|Rogers, S - CLARKSON UNIV.|
|Haines, J - USEPA|
|Jann, S - USEPA|
Submitted to: ASA-CSSA-SSSA Annual Meeting Abstracts
Publication Type: Abstract Only
Publication Acceptance Date: October 1, 2007
Publication Date: November 4, 2007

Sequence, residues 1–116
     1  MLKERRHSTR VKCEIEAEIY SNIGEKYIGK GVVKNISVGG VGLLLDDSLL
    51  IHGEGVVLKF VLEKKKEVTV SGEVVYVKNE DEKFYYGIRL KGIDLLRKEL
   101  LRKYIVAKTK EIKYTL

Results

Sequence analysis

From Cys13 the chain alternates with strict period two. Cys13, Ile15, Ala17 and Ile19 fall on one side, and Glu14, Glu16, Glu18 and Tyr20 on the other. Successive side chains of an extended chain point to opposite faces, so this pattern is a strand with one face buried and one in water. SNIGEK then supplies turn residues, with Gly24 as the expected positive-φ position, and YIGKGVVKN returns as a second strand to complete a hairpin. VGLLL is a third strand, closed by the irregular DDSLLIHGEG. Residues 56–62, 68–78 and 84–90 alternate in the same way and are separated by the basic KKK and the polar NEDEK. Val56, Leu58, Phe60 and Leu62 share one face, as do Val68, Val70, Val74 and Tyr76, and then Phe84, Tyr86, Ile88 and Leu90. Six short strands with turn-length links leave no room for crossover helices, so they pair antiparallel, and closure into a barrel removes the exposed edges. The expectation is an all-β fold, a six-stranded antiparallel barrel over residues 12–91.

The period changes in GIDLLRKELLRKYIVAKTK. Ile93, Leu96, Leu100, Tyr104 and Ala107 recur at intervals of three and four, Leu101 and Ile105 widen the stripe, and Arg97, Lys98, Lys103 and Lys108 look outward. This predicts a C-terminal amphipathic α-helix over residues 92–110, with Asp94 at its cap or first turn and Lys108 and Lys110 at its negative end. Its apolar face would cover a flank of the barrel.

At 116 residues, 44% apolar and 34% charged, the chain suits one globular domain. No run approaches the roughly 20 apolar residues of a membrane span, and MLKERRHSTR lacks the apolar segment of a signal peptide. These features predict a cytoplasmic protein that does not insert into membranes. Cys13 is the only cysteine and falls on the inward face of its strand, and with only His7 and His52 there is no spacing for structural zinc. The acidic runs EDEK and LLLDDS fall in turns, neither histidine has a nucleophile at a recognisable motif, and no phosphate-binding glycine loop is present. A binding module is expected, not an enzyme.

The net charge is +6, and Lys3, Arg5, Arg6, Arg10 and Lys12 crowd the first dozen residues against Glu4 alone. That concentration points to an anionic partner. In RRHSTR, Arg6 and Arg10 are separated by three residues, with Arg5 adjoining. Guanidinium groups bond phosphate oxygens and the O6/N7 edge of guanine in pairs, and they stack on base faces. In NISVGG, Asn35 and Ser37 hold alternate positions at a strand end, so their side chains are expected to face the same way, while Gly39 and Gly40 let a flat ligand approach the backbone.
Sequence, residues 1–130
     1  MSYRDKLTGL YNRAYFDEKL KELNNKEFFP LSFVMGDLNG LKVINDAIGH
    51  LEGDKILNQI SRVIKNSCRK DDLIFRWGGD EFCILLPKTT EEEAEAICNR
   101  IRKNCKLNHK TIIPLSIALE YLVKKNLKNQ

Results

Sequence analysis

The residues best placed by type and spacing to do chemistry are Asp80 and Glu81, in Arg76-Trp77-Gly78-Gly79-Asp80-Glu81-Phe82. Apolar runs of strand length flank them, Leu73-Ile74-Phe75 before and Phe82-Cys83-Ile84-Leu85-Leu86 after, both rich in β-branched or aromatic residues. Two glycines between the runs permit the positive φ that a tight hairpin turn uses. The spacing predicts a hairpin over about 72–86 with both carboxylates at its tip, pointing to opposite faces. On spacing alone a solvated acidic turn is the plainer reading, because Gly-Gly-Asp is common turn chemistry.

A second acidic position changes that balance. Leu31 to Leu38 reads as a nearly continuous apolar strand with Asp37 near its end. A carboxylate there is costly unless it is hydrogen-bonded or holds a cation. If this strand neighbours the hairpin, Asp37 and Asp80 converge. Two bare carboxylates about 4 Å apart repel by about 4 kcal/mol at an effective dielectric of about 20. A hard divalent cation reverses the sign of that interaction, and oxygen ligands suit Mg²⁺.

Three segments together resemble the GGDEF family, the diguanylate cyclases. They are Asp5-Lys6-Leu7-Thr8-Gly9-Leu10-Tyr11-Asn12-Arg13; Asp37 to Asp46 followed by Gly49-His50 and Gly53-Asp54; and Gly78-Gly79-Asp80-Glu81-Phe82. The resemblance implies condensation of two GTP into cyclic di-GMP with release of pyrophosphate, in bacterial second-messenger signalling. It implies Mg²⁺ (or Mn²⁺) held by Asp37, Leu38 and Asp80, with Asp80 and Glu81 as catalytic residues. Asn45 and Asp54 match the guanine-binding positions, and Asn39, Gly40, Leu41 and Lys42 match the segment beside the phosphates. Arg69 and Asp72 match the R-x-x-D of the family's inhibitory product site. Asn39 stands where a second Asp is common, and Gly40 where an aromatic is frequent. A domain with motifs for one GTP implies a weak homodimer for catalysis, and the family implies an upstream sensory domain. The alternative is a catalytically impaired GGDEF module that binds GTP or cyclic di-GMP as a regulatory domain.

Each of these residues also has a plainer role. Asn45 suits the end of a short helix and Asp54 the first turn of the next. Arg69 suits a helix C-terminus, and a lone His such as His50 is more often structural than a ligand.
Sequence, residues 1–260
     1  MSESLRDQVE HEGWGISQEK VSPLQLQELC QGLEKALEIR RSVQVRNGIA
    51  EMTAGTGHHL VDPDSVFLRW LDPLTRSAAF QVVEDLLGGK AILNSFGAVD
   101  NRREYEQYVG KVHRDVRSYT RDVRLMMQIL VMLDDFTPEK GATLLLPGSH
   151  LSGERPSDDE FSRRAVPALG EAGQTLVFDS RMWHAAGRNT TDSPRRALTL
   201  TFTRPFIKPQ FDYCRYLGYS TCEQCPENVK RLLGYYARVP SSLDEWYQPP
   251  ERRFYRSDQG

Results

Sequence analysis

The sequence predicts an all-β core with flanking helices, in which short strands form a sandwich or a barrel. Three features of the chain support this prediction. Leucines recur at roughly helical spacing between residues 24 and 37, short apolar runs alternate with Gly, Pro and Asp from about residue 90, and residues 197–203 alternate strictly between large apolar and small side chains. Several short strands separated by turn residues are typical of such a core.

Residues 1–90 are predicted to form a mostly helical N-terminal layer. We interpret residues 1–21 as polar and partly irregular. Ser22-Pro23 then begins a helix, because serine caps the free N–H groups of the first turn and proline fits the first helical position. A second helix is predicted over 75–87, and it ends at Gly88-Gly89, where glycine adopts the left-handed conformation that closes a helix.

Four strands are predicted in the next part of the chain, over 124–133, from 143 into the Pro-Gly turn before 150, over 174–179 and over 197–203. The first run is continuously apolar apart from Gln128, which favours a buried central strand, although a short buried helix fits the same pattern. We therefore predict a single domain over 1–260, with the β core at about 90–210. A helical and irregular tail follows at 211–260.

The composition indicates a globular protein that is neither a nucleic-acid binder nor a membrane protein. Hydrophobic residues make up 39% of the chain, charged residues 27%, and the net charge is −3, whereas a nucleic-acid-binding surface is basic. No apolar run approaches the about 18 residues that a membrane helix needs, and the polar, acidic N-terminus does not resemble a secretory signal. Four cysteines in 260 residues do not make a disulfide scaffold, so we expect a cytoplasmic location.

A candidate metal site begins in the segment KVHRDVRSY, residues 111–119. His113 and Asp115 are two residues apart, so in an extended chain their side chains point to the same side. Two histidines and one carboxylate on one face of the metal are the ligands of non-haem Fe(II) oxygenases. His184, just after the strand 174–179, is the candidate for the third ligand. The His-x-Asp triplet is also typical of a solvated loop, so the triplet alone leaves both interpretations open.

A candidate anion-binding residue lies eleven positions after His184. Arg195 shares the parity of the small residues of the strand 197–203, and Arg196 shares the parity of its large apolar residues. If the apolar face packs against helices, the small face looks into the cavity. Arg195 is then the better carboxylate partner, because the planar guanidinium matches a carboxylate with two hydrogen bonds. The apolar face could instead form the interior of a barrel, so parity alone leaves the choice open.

Citation: Rogers, S., Haines, J., Jann, S., Owens, L.B., Bonta, J.V., Shipitalo, M.J. 2007. Winter runoff of surface applied animal manure in Ohio [abstract]. CD-ROM Agronomy Abstracts. Technical Abstract: The USEPA-ORD, USEPA Region 5 NPDES program branch, and USDA-ARS are collaborating to improve the scientific foundation for guidance regarding winter application of manure to land when the soil is frozen. Vegetative filter strips, unmanured setbacks, and nutrient-limited manure application are being investigated as management practices to reduce the movement of pollutants from manured fields to nearby waters. Pollutants include nutrients, sediments, oxygen-demanding organics, and pathogens (E. coli, enterococci, and antibiotic resistance and virulence determinants). Six small watersheds (1 ha each) were treated in the winter of 2006 with either swine manure (x2), turkey litter (x2), or left unamended as controls (x2) according to annual agronomic nitrogen requirements for corn (target level was 180 kg N ha-1). Thirty three meter wide unmanured setbacks were maintained between the manure-application area and the edge of field where runoff samples were collected in Coshocton wheel samplers. “Dustpan” runoff sample collectors were placed in the field adjacent to the manured areas to collect runoff at the upslope ends of the setbacks. Additionally, five small plots (66 x 12 m) received beef manure slurry to investigate the performance of vegetative filter strips following winter manure application; 2 plots had 33 x 12 m filter areas below them and 2 plots plus one control plot had 66 x 12 m filter areas below them. Ohio NRCS recommends a 66 m buffer area for winter manure applications along with slope and vegetative cover recommendations. Dustpan runoff sample collectors were placed at the lower edge of each of the manure application areas to acquire data on buffer loading and 11 m further down the slope (within the filter strips) to simulate shorter vegetative buffers. We will present preliminary data on the movement of pathogens through these systems. This poster will compliment another presenting preliminary nutrient data.